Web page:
Family Group Conference
NetCare are the leading independent training and consultancy organisation for Family Group Conference in the UK and Ireland. We are now the largest provider of accredited courses for Family Group Conference providing consultancy and training to organisations in Local Authority, the Voluntary Sector and Community since 2000 involving personnel from Child Care, Education, Community, Probation and Youth Offending.
We provide consultancy and support for organisations who want to:
Set up a new service, revamp their old, develop their referral criteria, improve practice standards or streamline their systems. We can assist in setting up your Family Group Conference Forum, strategy and steering groups.
We provide an independent and professional evaluation service to meet the organisational needs so that projects can target their resources more effectively and plan for the future needs of service users
The difference between a child protection case conference and a family group conference
If a child or young person has been identified as in need of protection, local authority Children’s Services are responsible for producing a child protection plan.
For that purpose, they will convene and run child protection case conferences, as required by the Framework for the assessment of children in need and their families (Department of Health, 20001). At these conferences, family members may attend, but the professionals are responsible for making decisions and drawing up the plan.
Family group conferences may be run alongside child protection case conferences to allow the wider family group (blood relatives as well as non-related significant family friends or neighbours) a greater input into the child protection plan.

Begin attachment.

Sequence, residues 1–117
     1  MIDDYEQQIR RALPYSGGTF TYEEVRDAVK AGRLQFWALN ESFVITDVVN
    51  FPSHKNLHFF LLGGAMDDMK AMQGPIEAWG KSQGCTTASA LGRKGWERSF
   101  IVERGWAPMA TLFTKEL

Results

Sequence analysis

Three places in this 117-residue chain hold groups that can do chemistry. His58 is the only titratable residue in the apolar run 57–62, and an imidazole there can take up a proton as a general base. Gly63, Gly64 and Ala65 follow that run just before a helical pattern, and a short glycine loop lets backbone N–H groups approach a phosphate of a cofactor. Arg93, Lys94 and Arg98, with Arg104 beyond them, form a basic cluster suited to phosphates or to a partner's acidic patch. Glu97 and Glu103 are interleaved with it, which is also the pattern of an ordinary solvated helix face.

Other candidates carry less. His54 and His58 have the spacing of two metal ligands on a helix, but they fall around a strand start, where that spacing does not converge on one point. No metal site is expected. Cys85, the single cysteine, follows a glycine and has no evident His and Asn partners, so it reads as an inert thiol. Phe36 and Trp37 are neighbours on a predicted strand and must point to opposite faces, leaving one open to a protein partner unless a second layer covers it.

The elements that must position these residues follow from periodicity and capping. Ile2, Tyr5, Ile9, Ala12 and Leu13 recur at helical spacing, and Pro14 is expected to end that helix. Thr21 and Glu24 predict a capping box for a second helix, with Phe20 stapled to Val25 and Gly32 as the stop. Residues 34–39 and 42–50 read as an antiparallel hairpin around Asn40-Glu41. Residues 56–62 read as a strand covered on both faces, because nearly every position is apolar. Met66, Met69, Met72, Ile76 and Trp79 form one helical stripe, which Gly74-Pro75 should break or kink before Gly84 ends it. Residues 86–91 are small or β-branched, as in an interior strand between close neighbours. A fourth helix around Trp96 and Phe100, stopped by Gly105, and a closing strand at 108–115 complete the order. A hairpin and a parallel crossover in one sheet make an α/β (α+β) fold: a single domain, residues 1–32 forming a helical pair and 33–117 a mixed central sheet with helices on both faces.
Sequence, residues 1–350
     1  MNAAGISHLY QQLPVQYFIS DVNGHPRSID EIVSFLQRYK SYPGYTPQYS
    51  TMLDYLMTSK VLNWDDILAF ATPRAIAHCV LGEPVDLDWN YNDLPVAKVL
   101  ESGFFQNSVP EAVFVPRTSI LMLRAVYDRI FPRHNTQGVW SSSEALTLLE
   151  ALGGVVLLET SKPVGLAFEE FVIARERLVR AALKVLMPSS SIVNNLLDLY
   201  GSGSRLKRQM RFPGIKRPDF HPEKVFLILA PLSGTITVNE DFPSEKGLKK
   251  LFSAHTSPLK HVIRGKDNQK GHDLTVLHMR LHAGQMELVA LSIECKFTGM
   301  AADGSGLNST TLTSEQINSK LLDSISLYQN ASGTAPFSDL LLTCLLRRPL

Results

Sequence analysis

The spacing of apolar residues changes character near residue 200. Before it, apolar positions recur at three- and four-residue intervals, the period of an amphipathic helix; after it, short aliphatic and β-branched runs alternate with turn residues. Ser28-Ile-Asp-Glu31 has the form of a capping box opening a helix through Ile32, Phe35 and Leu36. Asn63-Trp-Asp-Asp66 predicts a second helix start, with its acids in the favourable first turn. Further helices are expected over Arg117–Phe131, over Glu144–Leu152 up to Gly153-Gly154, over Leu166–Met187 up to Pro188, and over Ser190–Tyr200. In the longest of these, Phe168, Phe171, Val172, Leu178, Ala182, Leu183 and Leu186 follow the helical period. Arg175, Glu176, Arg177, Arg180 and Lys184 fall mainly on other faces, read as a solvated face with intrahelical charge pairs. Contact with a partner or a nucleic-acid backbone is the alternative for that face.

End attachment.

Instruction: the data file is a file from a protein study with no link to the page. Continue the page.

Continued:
The aim of the family group conference is to support families to find their own solutions to problems: the family members are the decision-makers rather than the professionals; the ‘family’ is the primary planning group.
Family group conferences may also be referred to as ‘family group decision making’ and they can be used in any area of family and child care practice, e.g. children in need and looked-after children, youth justice, and education.
Do family group conferences replace child protection case conferences?
Not all Children’s Services departments run or fund family group conferences as part of their child protection procedures, and they do not replace child protection case conferences.
Who organises family group conferences?
An independent coordinator (usually a professional recruited from local statutory and voluntary service communities) negotiates attendance and informs participants about the Family group conference (FGC) process. All members of the family are invited to attend, but in certain exceptional circumstances it may be necessary to exclude a family member, e.g. evidence of violent behaviour or incapacity due to mental health problems. Absent family members can input to the meetings in alternative ways, e.g. through letters or tape recordings.
Provisions made to accommodate specific needs
The coordinator has a duty to identify and address issues of race, gender and culture and to respond positively to any specific needs identified by the family. The FGC will be held in the first language of the family.
Any child or young person attending the FGC should be helped to identify a supporter, or advocate, preferably an adult from within their own social support network. The supporter may have an informal or formal role but must be a trusted adult chosen by the young person. Some FGC projects have identified problems with having an advocate from the family and have chosen instead to train independent advocates.